McALLEN — A controversial tactic currently being considered by the Trump administration that would separate undocumented children from their parents after they are caught illegally crossing the U.S.-Mexico border may be more about circumventing court action and less about deterrence, immigrant advocates said.
The tactic, currently being considered by Secretary of Homeland Security John Kelly, occurs after immigration officials have been blocked by court orders from expanding family detention centers in Texas.
Justin Tullis, executive director of the Refugee and Immigrant Center for Education and Legal Services (RAICES), said Wednesday that separating children from their parents and handing them off to HHS could be one way for ICE to get around the judge’s ruling blocking family detention centers.
“It would most likely be found illegal under U.S. law, the constitution, and many other things,” Tullis said. “It would be a humanitarian disaster that would hopefully be short lived as we’ve seen with a number of the administration’s moves.”
Reuters first reported that the Trump administration was considering separating parents and children at the Mexico border. And during a later interview with CNN’s Wolf Blitzer, Kelly confirmed the reports.
“Yes I’m considering (that), in order to deter more movement along this terribly dangerous network. I am considering exactly that. They will be well cared for as we deal with their parents. … It’s more important to me, Wolf, to try to keep people off of this awful network,” Kelly said, referring to the network of organized crime that smuggles these migrants.
He also said they would turn the children over to Health and Human Services who, “…do a very, very good job of putting them in foster care or linking them up with parents or family members in the United States.”
The news has had members of Congress, immigration advocates, and human rights groups guessing expressing concern about such action. Some say it’s related to the recent executive orders asking for the expansion of detention centers, while others are guessing it’s to fulfill campaign promises.
Three members of Congress, including U.S. Rep. Filemon Vela, D-Brownsville, sent a letter to Kelly this week asking that he reconsider the tactic of separating parent and child.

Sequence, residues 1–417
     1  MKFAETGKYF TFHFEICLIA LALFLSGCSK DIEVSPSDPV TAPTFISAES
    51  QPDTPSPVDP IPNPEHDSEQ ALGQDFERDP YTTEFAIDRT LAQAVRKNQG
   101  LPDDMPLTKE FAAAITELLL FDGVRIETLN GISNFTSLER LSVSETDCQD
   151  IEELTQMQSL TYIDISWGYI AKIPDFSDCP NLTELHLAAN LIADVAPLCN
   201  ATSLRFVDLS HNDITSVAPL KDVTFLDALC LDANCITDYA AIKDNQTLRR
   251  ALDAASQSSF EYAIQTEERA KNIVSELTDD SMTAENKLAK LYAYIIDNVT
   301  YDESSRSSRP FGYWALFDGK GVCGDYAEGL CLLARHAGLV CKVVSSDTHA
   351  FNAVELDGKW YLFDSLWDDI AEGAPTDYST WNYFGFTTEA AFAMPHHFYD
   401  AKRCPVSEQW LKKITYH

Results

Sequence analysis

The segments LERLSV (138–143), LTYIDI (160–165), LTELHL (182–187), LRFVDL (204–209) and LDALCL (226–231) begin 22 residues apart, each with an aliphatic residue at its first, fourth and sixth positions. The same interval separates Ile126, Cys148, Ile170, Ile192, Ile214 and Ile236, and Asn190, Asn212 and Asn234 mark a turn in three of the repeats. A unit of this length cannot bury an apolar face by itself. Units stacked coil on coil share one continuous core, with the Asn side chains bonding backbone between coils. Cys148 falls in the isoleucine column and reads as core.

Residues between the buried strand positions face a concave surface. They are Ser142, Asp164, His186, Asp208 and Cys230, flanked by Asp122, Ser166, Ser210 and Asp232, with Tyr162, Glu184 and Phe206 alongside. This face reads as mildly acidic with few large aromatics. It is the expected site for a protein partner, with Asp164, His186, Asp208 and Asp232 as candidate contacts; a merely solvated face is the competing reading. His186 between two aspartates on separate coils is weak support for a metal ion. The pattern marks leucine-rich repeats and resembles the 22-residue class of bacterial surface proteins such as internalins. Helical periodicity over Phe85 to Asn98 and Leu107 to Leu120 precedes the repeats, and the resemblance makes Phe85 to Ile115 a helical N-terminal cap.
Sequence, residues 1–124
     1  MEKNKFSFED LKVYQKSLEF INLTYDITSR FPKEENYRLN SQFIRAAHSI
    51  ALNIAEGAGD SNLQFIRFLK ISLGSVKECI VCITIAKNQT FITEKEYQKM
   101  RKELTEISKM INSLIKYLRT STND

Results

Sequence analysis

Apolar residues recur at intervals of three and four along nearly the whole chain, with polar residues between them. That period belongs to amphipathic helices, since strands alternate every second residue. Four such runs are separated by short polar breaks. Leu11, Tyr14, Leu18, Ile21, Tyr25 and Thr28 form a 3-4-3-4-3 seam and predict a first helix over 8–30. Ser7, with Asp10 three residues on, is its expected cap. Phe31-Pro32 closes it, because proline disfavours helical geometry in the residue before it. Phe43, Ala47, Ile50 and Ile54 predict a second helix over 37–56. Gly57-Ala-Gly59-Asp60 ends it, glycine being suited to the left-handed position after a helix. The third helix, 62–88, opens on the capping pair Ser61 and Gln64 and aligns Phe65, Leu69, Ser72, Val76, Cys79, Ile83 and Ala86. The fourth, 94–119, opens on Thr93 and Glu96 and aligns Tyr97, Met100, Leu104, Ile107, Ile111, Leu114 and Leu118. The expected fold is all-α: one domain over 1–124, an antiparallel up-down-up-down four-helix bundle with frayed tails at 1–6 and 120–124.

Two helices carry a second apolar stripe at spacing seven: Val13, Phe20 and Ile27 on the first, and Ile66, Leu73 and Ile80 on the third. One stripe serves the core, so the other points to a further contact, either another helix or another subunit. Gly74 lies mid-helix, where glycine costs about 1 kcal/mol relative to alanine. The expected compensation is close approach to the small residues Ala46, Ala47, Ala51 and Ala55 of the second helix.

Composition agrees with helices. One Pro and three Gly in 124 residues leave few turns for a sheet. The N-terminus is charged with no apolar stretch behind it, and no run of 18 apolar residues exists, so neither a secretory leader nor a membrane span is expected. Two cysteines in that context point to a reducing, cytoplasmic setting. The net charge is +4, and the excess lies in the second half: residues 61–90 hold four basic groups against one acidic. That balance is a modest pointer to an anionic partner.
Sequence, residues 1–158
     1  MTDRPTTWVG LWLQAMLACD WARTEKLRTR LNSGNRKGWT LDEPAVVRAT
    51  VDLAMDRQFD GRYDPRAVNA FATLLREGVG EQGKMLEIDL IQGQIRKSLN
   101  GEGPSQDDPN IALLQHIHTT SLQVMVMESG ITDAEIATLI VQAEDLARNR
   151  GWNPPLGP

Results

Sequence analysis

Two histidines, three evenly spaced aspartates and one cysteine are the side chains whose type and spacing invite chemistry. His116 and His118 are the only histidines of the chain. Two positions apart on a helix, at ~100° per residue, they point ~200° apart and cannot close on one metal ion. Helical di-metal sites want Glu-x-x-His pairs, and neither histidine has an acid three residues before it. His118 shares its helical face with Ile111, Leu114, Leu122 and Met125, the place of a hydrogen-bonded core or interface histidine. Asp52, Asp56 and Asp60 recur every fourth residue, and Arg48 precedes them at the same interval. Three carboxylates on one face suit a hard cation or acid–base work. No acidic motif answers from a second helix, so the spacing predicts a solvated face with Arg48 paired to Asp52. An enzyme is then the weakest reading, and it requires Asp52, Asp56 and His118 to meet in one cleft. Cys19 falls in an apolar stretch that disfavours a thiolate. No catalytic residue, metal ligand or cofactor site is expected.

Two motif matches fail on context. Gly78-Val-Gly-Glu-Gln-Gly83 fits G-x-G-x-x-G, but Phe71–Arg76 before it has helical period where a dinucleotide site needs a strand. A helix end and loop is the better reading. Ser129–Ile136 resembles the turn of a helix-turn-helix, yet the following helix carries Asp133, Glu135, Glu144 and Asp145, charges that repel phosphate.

What none have mentioned is the recent expansion of HHS shelters and that, despite President Donald Trump’s orders to expand detention centers near the U.S-Mexico border, a December ruling from an Austin judge blocked DHS from holding both immigrant children and parents in privately owned prisons.
Blocking Family Detention
Last December, immigrant rights groups celebrated the ruling by Judge Karin Crump of the 275th District Court to cancel the licensing of family detention centers in Texas to function as child care providers.
This fight had been playing out in the courts since 2014 when the Obama administration revived the controversial practice of incarcerating undocumented parents along with their children in private prisons also known as family detention centers – or as Austin based immigrant rights group Grassroots Leadership called them “baby prisons.”
“We are glad the court heard our concerns about the damage that family detention does to mothers and their children and how lowering standards to issue licenses to these facilities only exacerbates that harm. We now call on the Obama Administration to end the practice of detaining immigrant families once and for all,” Bob Libal, a plaintiff in the case, and executive director of Grassroots Leadership, said at the time.
But the judge’s ruling did not immediately shut the doors of the two largest family detention centers located in Karnes and Dilley, Texas near San Antonio.
In a December statement, Immigration and Customs Enforcement (ICE) stated, “Operational activities continued without interruption,” and last month while ICE was still holding more than 2,000 people in family detention they stated they had not made any changes regarding how families are processed.
Meanwhile HHS, who Kelly said Monday would be tasked with caring for immigrant children after they are separated from their parents, has been finding new places to house unaccompanied minors here in the Valley.
After reaching out to Homeland Security for confirmation about ICE’s plans to expand its detention capacities, The Monitor was referred to a webpage with questions and answers from the department that failed to answer any of the questions being asked.
The Monitor was asked to contact HHS for further comment but they were also unable to answer any questions and directed questions to Homeland Security.
“We cannot speculate on what the Department of Homeland Security (DHS) might or might not be considering. For Department of Homeland Security questions, please contact DHS,” read a Tuesday email from HHS officials.